How are emergency departments (EDs) in the United States utilized by patients with primary otologic complaints?
Background: Otologic complaints are commonly treated in the ED setting. The Patient Protection and Affordable Care Act aims to insure a greater number of Americans, and this influx will likely contribute to an additional strain on EDs. Although not all ED patients with otologic complaints will require complex management, it is vital to understand the extent of otologic disease evaluated in the ED setting.
Explore this issue:August 2015
Study design: Retrospective analysis of the Nationwide Emergency Department Sample (NEDS) from 2009 through 2011, published by the Healthcare Cost and Utilization Project and sponsored by the Agency for Healthcare Research and Quality.
Setting: Department of Otology and Laryngology, Harvard Medical School, Boston.
Synopsis: Out of a weighted total of 388,904,009 ED visits, 8,611,282 visits were attributed to a primary otologic diagnosis, representing 2.21% of all ED visits. The majority of patients were treated and released. Overall, 62.7% of patients with an otologic complaint were zero to 17 years old, and a slightly greater number were women.
The most common diagnoses among all age groups included otitis media not otherwise specified (NOS), infected otitis external NOS, and otalgia NOS. The most common pediatric diagnoses were suppurative or unspecified otitis media, external ear disorders, and other ear disorders. The most common adult diagnoses were suppurative or unspecified otitis media, external ear disorders, vertiginous syndromes, and other ear disorders. The most common diagnoses resulting in admission included benign paroxysmal vertigo, labyrinthitis, otitis media NOS, and vestibular neuronitis.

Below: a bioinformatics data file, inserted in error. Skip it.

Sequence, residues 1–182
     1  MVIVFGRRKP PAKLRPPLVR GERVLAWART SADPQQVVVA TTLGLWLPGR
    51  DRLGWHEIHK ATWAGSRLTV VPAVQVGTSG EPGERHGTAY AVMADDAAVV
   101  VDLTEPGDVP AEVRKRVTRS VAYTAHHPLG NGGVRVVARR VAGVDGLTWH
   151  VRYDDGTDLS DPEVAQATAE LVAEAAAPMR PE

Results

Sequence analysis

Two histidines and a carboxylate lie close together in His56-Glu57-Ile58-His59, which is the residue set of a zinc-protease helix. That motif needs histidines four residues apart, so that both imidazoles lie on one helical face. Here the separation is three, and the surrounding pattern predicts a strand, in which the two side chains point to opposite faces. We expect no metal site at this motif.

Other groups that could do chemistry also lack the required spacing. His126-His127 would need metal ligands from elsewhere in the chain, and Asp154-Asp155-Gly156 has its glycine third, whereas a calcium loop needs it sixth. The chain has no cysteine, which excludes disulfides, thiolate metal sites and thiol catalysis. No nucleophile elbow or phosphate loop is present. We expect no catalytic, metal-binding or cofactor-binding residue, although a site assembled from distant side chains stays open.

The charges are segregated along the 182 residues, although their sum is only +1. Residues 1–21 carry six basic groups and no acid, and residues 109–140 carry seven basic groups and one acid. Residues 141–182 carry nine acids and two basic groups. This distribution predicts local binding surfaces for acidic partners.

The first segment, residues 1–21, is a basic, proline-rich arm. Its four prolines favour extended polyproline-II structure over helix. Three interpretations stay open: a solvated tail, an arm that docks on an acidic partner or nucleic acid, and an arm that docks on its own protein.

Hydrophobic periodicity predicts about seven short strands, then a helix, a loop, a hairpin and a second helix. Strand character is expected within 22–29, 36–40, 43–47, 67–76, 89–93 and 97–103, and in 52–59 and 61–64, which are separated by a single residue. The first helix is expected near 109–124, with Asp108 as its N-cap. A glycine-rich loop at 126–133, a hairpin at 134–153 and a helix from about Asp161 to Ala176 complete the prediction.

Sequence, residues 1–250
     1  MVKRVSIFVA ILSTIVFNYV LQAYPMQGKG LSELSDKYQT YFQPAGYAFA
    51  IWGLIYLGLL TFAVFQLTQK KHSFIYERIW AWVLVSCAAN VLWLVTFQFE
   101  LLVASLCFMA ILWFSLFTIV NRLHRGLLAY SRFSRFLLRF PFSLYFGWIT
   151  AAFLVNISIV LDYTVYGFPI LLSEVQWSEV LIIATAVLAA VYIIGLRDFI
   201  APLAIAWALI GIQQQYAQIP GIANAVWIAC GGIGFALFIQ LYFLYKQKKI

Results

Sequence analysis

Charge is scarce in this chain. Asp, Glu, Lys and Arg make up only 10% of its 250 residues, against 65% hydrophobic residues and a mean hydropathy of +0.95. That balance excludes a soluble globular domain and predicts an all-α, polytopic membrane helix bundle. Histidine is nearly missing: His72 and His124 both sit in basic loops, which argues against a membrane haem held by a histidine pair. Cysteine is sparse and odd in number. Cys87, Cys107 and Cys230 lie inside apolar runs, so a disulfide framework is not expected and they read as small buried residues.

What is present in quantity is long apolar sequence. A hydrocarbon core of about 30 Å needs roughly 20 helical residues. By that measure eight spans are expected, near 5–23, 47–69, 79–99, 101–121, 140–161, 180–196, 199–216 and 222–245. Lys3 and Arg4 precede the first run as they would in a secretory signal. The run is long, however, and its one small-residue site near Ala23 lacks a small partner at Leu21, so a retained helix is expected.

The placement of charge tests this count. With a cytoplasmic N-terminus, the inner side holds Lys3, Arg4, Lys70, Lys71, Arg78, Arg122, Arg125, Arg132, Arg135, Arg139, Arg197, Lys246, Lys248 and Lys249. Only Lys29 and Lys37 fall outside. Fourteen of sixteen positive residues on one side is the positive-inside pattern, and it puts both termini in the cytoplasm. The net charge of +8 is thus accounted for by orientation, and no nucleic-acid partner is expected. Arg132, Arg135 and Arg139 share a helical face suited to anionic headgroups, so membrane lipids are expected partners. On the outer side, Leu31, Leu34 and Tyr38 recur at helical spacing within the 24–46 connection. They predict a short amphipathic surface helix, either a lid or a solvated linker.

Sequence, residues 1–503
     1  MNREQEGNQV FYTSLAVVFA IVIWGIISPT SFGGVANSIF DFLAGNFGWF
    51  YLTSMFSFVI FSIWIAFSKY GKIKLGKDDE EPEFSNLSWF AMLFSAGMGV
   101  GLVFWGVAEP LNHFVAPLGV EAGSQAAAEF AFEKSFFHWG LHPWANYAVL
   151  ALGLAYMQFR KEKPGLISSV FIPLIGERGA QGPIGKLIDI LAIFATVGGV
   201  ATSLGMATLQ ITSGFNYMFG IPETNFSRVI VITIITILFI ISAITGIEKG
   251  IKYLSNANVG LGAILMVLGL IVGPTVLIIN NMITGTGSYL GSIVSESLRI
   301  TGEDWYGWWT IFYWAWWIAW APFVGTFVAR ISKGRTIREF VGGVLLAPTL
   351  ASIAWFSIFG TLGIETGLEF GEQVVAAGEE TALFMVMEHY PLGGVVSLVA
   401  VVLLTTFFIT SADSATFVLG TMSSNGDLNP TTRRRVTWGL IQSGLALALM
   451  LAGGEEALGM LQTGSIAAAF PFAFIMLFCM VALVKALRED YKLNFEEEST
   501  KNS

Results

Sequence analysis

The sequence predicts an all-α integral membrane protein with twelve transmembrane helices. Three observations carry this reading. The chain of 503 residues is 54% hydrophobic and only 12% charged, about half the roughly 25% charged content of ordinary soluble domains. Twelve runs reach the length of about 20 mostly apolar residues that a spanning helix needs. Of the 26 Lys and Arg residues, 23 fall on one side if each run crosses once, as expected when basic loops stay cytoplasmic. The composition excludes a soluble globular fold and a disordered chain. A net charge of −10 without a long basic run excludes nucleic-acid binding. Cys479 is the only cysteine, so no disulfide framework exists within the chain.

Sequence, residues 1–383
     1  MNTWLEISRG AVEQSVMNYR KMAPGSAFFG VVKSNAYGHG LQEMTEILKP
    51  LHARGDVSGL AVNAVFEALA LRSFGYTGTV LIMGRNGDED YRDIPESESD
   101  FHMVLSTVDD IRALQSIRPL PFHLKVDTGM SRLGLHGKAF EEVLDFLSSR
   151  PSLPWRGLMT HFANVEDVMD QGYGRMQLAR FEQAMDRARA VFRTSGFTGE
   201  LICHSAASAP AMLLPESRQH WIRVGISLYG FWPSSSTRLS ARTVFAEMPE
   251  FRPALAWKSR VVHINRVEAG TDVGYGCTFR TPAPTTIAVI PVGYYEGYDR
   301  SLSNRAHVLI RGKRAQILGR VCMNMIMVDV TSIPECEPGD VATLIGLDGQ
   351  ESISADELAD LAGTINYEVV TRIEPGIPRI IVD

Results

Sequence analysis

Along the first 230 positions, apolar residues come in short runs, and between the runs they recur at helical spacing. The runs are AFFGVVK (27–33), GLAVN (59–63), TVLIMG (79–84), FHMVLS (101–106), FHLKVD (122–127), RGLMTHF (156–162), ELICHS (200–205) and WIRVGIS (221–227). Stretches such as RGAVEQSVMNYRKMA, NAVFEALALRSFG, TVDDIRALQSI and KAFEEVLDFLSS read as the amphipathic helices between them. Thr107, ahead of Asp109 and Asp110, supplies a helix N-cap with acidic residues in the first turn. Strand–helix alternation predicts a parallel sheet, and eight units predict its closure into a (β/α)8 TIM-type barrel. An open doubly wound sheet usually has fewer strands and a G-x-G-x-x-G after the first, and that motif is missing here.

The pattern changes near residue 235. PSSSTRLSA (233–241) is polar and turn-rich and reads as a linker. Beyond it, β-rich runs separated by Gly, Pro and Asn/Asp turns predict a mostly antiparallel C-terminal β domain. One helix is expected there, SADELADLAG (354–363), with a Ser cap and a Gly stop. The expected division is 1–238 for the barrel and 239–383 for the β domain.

Older patients, those in a larger metropolitan area, and those with Medicare were more likely to be admitted. The mean charge for ED diagnosis and treatment was $793.35. Limitations include a possible underestimation of otologic diagnoses associated with other presentations, a limited ability to account for unknown confounders, and independent code reviewer biases
Bottom line: NEDS data demonstrate a significant number of visits related to otologic complaints, especially in the pediatric population, that are nonemergent in nature.
Citation: Kozin ED, Sethi RKV, Remenschneider AK, Kaplan AB, del Portal DA, Gray, ST, Shrime MG, Lee DJ. Epidemiology of otologic diagnoses in United States emergency departments. Laryngoscope. 2015;125:1926-1933.